вторник, 2 октября 2012 г.

Retirees' health insurance cut off as companies change. - Saint Paul Pioneer Press (St. Paul, MN)

Byline: Gail MarksJarvis

ST. PAUL, Minn. _ Ed Stish is not living the carefree life he envisioned when he retired from a taconite mine in Keewatin, Minn., three years ago. He has no time for lounging in a La-Z-Boy, golfing or fishing for pleasure.

Instead, Stish rises early and sets about growing vegetables, trapping beaver for pelts and harvesting wild rice on a lake near his home in Bovey. His wife, Sue, sells the bounty at farmers' markets four days a week.

They do this to survive. Just a few months after he retired at age 50 from National Steel Corp., his employer of 30 years went bankrupt, taking with it longtime promises to provide a livable pension and cheap health insurance for life.

Even though the U.S. Pension Benefit Guaranty Corp. stepped in to protect workers' pensions, Stish's monthly payment was cut almost in half to $1,350. And the buyer of the mine, U.S. Steel, never made good on the old promise to provide retiree health insurance.

That left Stish in the same predicament as countless retirees caught in an unaffordable health insurance trap they never expected. Company-paid health insurance for retirees is becoming extinct as companies try to slash costs and increase profits.

While federal law requires companies to deliver the pensions they promised workers, no such legal obligation exists for health insurance.

Eleven years ago, 46 percent of large U.S. companies helped retirees with health insurance, but now just 28 percent continue to do so, says researcher Paul Fronstin of the Employee Benefits Research Institute. Among all U.S. companies, 11 percent provide retirees with health insurance.

Fronstin says current workers of any age should not expect the benefit when they retire unless they work in some government jobs or are protected by a union contract guaranteeing coverage. His warning allows people who still have jobs to plan for their future, but retirees don't have the luxury of time or a paycheck.

In the past few years, retirees like Stish were taken by surprise when an employer went broke or was acquired by another company that didn't want to continue their health benefits. Others have lost insurance because former employers wanted to avoid spiraling health insurance costs, or they could bolster corporate profits quickly through an accounting maneuver that can turn disbanded insurance liabilities into instant income.

Last year, 10 percent of companies that gave retirees health benefits eliminated them completely and 71 percent made retirees pay a greater portion of health coverage, according to research by the Kaiser Foundation and Hewitt Associates.

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'There is no way people could have anticipated the rate of inflation in health care, and no way for a person to plan if the trend continues,' says Michael Stein, a Boulder, Colo., financial planner and author of 'The Prosperous Retirement.' 'It's a societal crunch, and society will have to make changes.'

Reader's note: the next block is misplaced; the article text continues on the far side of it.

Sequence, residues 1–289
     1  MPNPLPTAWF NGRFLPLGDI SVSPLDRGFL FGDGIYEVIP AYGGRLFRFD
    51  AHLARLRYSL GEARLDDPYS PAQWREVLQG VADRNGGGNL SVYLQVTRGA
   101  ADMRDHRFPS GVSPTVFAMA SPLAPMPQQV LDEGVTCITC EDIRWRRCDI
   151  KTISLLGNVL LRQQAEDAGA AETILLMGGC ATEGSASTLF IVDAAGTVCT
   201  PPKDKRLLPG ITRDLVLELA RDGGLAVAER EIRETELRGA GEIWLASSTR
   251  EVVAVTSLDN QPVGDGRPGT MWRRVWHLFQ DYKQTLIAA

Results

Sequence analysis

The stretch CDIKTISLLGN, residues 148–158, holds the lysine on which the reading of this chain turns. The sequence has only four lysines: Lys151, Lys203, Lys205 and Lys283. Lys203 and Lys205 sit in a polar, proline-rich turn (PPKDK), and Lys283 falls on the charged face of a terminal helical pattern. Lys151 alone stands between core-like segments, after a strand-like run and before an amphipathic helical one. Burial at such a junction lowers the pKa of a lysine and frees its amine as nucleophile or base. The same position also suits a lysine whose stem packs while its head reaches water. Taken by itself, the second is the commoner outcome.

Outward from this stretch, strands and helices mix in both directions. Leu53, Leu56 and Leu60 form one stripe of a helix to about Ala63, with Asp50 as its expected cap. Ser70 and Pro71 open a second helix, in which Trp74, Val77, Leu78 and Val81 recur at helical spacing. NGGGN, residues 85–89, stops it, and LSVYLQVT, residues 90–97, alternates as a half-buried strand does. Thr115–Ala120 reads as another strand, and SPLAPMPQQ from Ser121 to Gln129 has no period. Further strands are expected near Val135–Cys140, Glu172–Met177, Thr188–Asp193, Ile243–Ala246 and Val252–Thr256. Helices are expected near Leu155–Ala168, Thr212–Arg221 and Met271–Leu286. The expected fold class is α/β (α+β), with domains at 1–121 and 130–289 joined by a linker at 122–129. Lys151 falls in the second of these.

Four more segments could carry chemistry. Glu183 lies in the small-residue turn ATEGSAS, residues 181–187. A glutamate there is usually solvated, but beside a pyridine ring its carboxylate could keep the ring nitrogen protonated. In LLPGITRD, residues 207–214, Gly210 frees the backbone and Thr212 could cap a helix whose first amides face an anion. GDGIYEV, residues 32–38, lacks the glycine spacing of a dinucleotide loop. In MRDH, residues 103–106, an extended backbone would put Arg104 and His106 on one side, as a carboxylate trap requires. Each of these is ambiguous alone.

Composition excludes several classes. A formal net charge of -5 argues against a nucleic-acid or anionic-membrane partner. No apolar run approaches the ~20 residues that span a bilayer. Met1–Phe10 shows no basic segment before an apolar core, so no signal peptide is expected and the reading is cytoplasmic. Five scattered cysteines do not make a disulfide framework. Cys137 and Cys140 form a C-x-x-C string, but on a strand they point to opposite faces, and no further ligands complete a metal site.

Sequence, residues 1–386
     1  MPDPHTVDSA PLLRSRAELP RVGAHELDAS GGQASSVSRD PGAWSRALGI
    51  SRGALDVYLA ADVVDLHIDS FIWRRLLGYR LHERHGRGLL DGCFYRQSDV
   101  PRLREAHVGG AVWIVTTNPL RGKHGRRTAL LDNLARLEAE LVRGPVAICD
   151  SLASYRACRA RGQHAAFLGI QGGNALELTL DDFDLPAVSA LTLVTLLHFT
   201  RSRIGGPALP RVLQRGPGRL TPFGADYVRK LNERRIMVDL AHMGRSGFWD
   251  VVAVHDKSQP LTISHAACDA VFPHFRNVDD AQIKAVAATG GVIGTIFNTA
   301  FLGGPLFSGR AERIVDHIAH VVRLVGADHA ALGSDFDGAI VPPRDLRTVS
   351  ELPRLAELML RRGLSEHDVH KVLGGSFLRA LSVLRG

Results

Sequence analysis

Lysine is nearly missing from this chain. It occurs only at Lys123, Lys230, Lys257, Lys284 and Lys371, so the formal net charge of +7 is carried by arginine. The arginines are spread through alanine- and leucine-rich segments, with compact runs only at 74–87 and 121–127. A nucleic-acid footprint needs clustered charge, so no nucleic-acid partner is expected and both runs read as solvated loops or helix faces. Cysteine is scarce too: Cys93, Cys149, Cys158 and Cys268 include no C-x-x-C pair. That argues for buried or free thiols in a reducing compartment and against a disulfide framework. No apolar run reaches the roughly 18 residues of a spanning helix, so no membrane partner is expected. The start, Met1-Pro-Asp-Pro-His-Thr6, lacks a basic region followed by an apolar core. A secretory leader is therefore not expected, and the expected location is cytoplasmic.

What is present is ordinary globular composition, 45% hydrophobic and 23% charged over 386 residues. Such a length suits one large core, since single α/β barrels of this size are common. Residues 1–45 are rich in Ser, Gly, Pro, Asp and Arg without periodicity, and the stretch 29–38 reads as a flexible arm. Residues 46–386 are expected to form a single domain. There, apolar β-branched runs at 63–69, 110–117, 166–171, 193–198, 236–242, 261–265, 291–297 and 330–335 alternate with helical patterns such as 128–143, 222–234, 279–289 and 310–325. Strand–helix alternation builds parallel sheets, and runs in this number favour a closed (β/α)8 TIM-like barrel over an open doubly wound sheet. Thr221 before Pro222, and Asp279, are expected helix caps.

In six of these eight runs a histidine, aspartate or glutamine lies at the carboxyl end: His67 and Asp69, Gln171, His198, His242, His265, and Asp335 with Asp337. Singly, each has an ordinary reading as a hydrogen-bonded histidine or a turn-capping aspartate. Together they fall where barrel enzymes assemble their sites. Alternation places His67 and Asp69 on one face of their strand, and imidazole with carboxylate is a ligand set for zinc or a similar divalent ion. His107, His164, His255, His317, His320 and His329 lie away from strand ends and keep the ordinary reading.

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Cutting retiree benefits is considered the path of least resistance _ considerably easier than upsetting existing workers with benefit cuts or disappointing shareholders with lackluster profits. The special accounting attached to cuts in health benefits works almost magically to prop up corporate profits, even if a company has not sold more goods or services.

'Companies attack the segment of their stakeholders that have no defense,' says Jim Norby of the National Retirees Legislative Network.

The network has asked Congress to pass laws that would mandate employers to maintain their commitments to retirees, but Norby says there's not much interest.

Fronstin says policy makers could also address the erosion of retiree health benefits by expanding Medicare or other programs covering such expenses, changing tax treatment for health expenses and educating people that they must save for retirement health insurance.

Meanwhile, as companies slash benefits, retirees are left in a bind. With poor job prospects and insurance costs high for older people, many retirees can't afford thousands of dollars in unexpected expenses.

Typically, when workers consider retirement, they check on their company benefits and add up monthly living expenses ranging from heat to property taxes. If pensions, savings and Social Security look like they will cover all the costs, they may decide it's safe to retire.

But that can be a serious mistake if unanticipated health insurance costs pop up after retirement. Early retirees, those younger than 65, may have to spend $1,000 a month for insurance. People eligible for the federal Medicare program may have to spend about $250 a month on supplemental insurance because Medicare only covers about half of the costs.

An individual who retired in 2003 with employer health benefits will need between $37,000 and $750,000 in savings to pay for his supplement to Medicare, according to the Employee Benefits Research Institute. An individual without any help from an employer will need $47,000 to about $1.5 million.

Stish never considered this before he retired. Throughout his years as a mechanic in the taconite mine, he believed the company would give him cheap lifetime insurance if he just completed 30 years of work.